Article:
STEM Speaker Spotlight: Kevin Savage, PhD

The Use of an Engineering Design Process Model to Teach STEM Principles Using Aquaponics

Putting Up Shoots Conference STEM Speaker Presentation
September 21-23, 2018  —  Hartford, CT

Currently a high school AP Environmental Science and Sustainable Agriculture (Aquaponics / Hydroponics) instructor at Cincinnati Hills Christian Academy in Cincinnati, Ohio.

Kevin Savage has a PhD in Quaternary Geology, and 14 years of experience in the environmental and construction engineering fields. This is his 14th year teaching high school, and his eighth year using aquaponics as a dynamic model for classroom instruction and student research.

Some of his past student research focused on flow dynamics in deep-water culture grow beds in aquaponic systems, and the use of air bubble curtains and thermal stratification to direct flow of nutrient-rich water in a grow bed. Current student research is focused on plant production rate differences in coupled and decoupled aquaponics grow beds, and microbiome differences in root masses of plants grown in coupled and decoupled grow beds.

Don’t miss out on the opportunity to interact with someone that has been involved in STEM education using aquaponics. Sign up today for this year’s Putting Up Shoots Conference 

Take a look at some of the other Speakers we will be having at the conference this year. 

9th-Grade STEM Presentation: One Step Closer to Mars with Aquaponics

Click here to watch the full video: One Step Closer to Mars with Aquaponics.

Last year at the Putting Down Roots conference, 9th-graders from Meadow Park Middle School presented their NASA-sponsored aquaponics research to a crowd of the world’s top aquaponics experts. Their presentation displayed aquaponics potential for STEM education.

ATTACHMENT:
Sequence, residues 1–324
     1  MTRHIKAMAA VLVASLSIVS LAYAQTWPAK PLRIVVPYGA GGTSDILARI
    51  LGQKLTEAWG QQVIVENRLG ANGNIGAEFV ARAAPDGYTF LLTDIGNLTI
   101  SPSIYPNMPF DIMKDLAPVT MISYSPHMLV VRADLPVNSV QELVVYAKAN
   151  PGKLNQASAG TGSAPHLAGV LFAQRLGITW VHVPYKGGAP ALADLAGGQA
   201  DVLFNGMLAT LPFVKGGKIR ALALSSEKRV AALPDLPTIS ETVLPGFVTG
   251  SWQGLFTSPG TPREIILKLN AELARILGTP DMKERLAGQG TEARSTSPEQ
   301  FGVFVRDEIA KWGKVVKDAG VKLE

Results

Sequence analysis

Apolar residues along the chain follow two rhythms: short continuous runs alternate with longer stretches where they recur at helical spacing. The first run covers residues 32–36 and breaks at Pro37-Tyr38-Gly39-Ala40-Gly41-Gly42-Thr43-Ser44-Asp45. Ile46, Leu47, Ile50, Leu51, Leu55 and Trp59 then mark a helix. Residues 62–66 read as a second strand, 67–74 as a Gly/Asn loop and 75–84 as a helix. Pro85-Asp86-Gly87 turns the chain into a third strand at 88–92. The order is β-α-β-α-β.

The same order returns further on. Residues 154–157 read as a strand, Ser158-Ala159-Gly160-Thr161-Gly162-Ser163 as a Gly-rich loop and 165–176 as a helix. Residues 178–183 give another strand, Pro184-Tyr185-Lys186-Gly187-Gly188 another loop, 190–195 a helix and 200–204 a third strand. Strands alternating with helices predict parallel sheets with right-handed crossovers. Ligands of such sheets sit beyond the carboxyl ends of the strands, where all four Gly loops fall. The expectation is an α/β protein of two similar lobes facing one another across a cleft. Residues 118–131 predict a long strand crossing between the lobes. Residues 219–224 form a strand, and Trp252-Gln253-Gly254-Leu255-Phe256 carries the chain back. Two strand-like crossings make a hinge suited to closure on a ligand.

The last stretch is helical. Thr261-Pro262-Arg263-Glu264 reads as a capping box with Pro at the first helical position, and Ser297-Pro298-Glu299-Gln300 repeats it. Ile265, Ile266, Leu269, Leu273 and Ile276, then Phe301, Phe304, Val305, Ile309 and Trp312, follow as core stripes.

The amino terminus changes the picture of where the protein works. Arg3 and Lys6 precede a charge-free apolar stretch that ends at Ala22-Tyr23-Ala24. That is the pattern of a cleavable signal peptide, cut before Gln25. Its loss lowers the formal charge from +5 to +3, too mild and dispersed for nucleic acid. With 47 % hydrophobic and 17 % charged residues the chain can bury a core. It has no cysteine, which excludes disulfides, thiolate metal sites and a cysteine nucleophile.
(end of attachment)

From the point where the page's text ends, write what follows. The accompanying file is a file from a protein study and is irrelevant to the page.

STEM Aquaponics is one of the four learning tracks this September 21-23 in Hartford, CT at the Putting Up Shoots conference. STEM educators from across the country will share their stories of how they integrated aquaponics into their STEM programs. Also checkout our STEM & Community Putting Up Shoots discount rate.

 

 

STEM Education & Community Aquaponics Discount

The Putting Up Shoots conference needs to be accessible for STEM Education and Community aquaponics growers if it’s going to live up to its name. Growers of all shapes and sizes need to be part of the conversation: how do we break down barriers and grow more of our food with aquaponics?

That’s why the Aquaponics Association is implementing the Putting Up Shoots STEM Education & Community Aquaponics Discount, click the link for more details and application information.

Aquaponic Atlantic Salmon are first-ever grown on US soil and harvested commercially for US customers

Superior Fresh of Wisconsin celebrated July 4th by taking one giant leap for the U.S. economy: their Atlantic Salmon became the first ever grown on U.S. soil and harvested commercially!

Superior Fresh’s Atlantic salmon have some of the highest omega-3’s compared to all other salmon, were raised with minimal environmental impacts, are fed an organic diet, and have never received antibiotics or pesticides!

The U.S. imports over NINETY PERCENT of the seafood we consume.  We need more local aquaculture.

With aquaponics, Superior Fresh uses the waste stream from the salmon to also produce the highest-quality leafy greens. This is a win-win situation for our environment and the economy.

The Story of STEM Aquaponics at Cincinnati Hills Christian Academy

By Kevin Savage

Aquaponics at Cincinnati Hills Christian Academy (CHCA) in Ohio had humble beginnings – it began as a 3-week module in an agriculture unit of an environmental science elective course.  Under the guidance of two commercial aquaponic-growers, the first small aquaponic system was constructed in a CHCA classroom in November 2011, using a repurposed aquarium and recycled 2-liter bottles.  Students of Kevin Savage and Gary Delanoy completed construction of the system.

During the following academic year, aquaponics became a significant component of the Environmental Science I & II course sequence.  Over the next three years, as many as six different aquaponic systems were operating at any given time, and included student-built media bed, deep-water culture, nutrient film, and vertical tower systems.